The years of stressing over exams and research papers might be over for college graduates, but there’s still some anxiety to deal with: 71% left school with student loan debt.
How are you going pay it back?
The average 2016 college graduate owes $37,172 in student loans. Their grace period (six months after graduation, the first payment is due) is over so it’s time to find an affordable plan that suits your income. The choices are plentiful, but so are the consequences if you make the wrong choice.
There are 44 million borrowers in the student loan program, but only 36% of them (15.7 million) are current in repaying the loan. Another 3.9 million are in default, meaning they haven’t made a payment in more than 270 days. Many are postponing the inevitable by falling back on deferment (3.4 million) or forbearance (2.7 million) while they search for a way to repay the loans.
The problem is that most students don’t plan ahead for repayment. In fact, many simply default into a repayment program rather than discussing options with their parents, loan officers at their school or a credit counseling service.
Standard Repayment Plan Top Choice
The most popular repayment choice – often by default – is called the Standard Repayment Plan (SRP). That’s a 10-year program in which borrowers pay a fixed amount for 120 consecutive months.
If you don’t enroll in another of the many payment options during your six month grace period, you will default to the SRP.
According to LendEDU, more than 11.2 million borrowers use the Standard Repayment Plan, making it by far the most popular choice (or default) among student borrowers. The second most-popular is the Income Based Repayment Plan, with 3.1 million borrowers.
The SRP suits a lot of graduates because it’s a fixed amount with definitive start and finish date. However, if you don’t find a decent-paying job immediately, the monthly payments may be too high the first few years out of school. The average payment for borrowers ages 20-30 years old is $351 a month.
There are plenty of alternatives, but it takes a little research and planning to find the one right for you.
The first step is to create a monthly budget of income and expenses to help find out what you can afford. Subtract the expenses from your income and whatever is left is how much you have available to pay your loans.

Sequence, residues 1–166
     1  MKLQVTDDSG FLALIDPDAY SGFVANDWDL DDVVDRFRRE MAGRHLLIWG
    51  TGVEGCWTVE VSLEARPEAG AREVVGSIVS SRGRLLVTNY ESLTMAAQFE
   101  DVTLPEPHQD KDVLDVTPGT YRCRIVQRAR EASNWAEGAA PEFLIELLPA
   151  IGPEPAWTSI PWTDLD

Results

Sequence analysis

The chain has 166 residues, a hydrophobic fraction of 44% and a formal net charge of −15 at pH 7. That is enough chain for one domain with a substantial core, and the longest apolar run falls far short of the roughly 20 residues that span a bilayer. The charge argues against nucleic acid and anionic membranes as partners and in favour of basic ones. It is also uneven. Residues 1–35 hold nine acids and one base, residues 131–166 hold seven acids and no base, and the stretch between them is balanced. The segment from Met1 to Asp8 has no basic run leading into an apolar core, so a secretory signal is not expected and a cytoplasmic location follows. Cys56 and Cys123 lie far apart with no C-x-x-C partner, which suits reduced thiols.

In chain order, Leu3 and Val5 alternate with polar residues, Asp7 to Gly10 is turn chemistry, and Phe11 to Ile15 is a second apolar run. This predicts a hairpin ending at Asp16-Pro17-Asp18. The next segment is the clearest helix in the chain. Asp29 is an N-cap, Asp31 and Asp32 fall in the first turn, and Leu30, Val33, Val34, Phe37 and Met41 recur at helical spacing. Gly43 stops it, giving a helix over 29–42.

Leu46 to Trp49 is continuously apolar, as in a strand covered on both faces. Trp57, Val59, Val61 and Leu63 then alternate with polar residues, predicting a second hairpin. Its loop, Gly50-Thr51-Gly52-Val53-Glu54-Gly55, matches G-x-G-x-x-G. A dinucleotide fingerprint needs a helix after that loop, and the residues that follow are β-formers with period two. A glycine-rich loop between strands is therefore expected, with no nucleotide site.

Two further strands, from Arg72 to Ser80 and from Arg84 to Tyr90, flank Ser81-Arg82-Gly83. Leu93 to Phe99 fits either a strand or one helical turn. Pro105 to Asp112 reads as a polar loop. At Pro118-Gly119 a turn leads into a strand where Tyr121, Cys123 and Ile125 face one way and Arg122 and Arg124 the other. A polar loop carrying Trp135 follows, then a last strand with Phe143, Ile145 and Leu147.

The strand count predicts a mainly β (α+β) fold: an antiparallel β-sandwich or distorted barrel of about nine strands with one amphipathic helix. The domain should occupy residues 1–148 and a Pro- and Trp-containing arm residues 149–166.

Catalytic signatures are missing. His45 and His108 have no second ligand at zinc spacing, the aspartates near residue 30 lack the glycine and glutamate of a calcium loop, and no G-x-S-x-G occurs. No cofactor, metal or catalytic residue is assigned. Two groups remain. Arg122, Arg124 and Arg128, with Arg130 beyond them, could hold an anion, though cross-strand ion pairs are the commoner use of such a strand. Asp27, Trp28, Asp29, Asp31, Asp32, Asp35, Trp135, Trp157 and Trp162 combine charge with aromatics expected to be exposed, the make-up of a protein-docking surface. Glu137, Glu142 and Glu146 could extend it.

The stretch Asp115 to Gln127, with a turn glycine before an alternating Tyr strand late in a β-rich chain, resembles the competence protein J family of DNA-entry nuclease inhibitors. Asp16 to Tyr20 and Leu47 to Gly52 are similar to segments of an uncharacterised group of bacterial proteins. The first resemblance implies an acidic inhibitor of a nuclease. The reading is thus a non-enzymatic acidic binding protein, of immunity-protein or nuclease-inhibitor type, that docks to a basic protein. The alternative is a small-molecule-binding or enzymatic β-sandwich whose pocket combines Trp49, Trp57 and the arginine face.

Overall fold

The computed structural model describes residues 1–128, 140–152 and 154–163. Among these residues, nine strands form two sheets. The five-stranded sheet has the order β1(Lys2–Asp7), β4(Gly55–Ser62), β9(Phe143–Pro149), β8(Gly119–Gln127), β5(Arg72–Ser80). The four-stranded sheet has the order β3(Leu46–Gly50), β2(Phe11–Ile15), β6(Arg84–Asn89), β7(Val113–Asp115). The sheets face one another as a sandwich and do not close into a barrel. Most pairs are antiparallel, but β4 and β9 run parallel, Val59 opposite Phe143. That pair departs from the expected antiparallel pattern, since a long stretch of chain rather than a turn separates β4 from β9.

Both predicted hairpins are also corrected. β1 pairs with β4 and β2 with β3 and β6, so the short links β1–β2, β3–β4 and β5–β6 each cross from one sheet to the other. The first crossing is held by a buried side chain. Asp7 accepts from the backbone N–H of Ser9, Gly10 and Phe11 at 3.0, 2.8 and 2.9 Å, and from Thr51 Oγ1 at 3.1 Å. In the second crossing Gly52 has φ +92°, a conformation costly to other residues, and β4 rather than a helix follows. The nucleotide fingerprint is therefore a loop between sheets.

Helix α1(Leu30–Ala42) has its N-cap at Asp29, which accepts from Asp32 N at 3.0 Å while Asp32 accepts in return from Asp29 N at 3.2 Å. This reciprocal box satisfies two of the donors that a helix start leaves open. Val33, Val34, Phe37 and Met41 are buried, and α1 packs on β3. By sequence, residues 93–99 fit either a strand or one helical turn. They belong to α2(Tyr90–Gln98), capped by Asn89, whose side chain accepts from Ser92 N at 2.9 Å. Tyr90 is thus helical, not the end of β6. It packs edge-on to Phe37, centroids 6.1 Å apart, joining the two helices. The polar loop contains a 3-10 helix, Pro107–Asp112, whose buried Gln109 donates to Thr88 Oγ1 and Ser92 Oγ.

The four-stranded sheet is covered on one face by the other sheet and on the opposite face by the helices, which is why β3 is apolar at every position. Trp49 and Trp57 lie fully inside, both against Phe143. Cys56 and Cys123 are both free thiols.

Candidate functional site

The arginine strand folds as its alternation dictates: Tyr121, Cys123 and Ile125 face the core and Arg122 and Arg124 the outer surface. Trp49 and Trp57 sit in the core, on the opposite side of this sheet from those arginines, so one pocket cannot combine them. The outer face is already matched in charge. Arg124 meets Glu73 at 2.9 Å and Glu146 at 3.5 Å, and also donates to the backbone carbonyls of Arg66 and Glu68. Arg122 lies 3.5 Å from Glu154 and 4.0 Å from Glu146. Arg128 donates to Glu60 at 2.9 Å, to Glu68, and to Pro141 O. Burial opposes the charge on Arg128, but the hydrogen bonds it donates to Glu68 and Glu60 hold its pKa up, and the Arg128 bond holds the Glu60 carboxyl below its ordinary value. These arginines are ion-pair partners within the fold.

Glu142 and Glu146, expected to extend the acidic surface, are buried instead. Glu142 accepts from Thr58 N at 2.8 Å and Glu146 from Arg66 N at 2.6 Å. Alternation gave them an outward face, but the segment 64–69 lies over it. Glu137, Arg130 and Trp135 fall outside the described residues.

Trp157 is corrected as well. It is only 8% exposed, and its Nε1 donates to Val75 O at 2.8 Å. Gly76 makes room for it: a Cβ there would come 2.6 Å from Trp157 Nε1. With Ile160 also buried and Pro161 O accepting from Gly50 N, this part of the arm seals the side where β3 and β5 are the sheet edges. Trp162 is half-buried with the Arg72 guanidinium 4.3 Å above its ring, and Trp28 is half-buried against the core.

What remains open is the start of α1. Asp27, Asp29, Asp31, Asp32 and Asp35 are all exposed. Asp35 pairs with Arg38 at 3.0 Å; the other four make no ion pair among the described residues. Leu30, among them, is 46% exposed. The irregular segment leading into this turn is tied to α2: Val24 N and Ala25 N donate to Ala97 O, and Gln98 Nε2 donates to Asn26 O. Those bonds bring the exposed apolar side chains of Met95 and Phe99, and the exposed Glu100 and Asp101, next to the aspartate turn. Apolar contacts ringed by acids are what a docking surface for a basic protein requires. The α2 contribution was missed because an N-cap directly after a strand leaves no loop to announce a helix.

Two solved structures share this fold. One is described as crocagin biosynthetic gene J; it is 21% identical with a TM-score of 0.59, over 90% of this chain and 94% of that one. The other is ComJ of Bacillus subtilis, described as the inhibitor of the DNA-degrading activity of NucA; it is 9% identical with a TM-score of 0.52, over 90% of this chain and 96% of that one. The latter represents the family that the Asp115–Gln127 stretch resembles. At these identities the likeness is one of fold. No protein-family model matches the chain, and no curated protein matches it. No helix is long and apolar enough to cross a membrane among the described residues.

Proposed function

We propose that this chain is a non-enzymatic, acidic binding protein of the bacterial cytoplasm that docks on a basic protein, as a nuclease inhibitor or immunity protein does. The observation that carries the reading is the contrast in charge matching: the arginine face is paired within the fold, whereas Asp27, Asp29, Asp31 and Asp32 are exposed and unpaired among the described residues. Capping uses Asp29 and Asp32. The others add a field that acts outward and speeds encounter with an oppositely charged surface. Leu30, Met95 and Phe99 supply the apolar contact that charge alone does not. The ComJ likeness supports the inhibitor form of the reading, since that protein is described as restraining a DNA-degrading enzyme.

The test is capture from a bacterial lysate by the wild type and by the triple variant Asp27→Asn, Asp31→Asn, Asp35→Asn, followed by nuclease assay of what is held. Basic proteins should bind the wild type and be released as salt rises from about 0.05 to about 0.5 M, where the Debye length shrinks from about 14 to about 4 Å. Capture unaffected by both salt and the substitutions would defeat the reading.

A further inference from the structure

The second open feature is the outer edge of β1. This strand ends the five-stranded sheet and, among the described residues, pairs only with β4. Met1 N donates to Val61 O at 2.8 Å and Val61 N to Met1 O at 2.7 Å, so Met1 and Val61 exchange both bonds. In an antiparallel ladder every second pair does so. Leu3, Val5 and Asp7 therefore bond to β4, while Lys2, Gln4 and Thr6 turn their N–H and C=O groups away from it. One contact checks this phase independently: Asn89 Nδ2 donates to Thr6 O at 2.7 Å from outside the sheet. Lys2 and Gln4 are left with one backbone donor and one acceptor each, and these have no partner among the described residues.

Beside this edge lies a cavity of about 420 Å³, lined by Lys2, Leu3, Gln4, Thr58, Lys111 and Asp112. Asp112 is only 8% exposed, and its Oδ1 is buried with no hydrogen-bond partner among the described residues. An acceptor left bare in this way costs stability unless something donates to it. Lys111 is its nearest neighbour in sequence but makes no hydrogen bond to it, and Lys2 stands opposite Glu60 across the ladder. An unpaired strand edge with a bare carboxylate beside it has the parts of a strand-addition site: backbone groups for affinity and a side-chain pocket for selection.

It might be a lot if you’re among those receiving the average salary for 2016 graduates of $50,556. It might not be much – or even zero! – if you’re a teacher, whose average starting salary is just $34,891, or worse than that, haven’t found a job yet.
Whatever it is, take that figure and go to the Repayment Estimator at www.studentloans.gov. Fill out the questionnaire and the site will tell you which of the many repayment plans you qualify for and even give you a chart for the monthly payment for each plan.
If you don’t have the time or inclination to wander into the maze of choices available on the government site, you can click on www.incharge.org/understanding-debt/student and someone will show you the programs you qualify for and the monthly payments you would have to make enrolling in them.
Income Driven Repayment Programs
The federal government offers several alternatives to the Standard Repayment Plan and divides them into two categories: income-driven repayment plans and basic repayment plans.
If you choose an income-driven repayment (IDR) plan, you could extend your loan term from 10 years to 20 or even 25 years. The IDRs determine your monthly payment by a percentage of your income and size of your family. Your payments will be more manageable month-to-month, but you will end up paying more overall for the loan because of the added years.
There are five types of IDRs. These plans best serve those who have a lot of student debt and not a lot of income coming out of college.
- Pay as you earn (PAYE)
- Revised pay as you earn (REPAYE)
- Income-based (IBR)
- Income-contingent (ICR)
- Income sensitive
It is important to note that you must re-apply for IDRs every year. Your payments could go up or down because of a change in income or family size. IDRs do offer loan forgiveness programs if you haven’t paid off your balance by the end of your term, but only if you remain current on payments every month.
If you have a Federal Family Education Loan (FFEL), you may qualify for an income-sensitive repayment program.
This program is aimed at low-income borrowers, who have organized a budget and know exactly how much they can afford to pay each month. Borrowers submit tax returns or pay stubs to establish exactly what their income is and help determine the amount they can afford to pay.
The borrower can choose to use anywhere between 4% and 25% of his or her income to be the required monthly payment.
Go to the Department of Education’s website or contact your loan servicer to enroll in one of these repayment plans.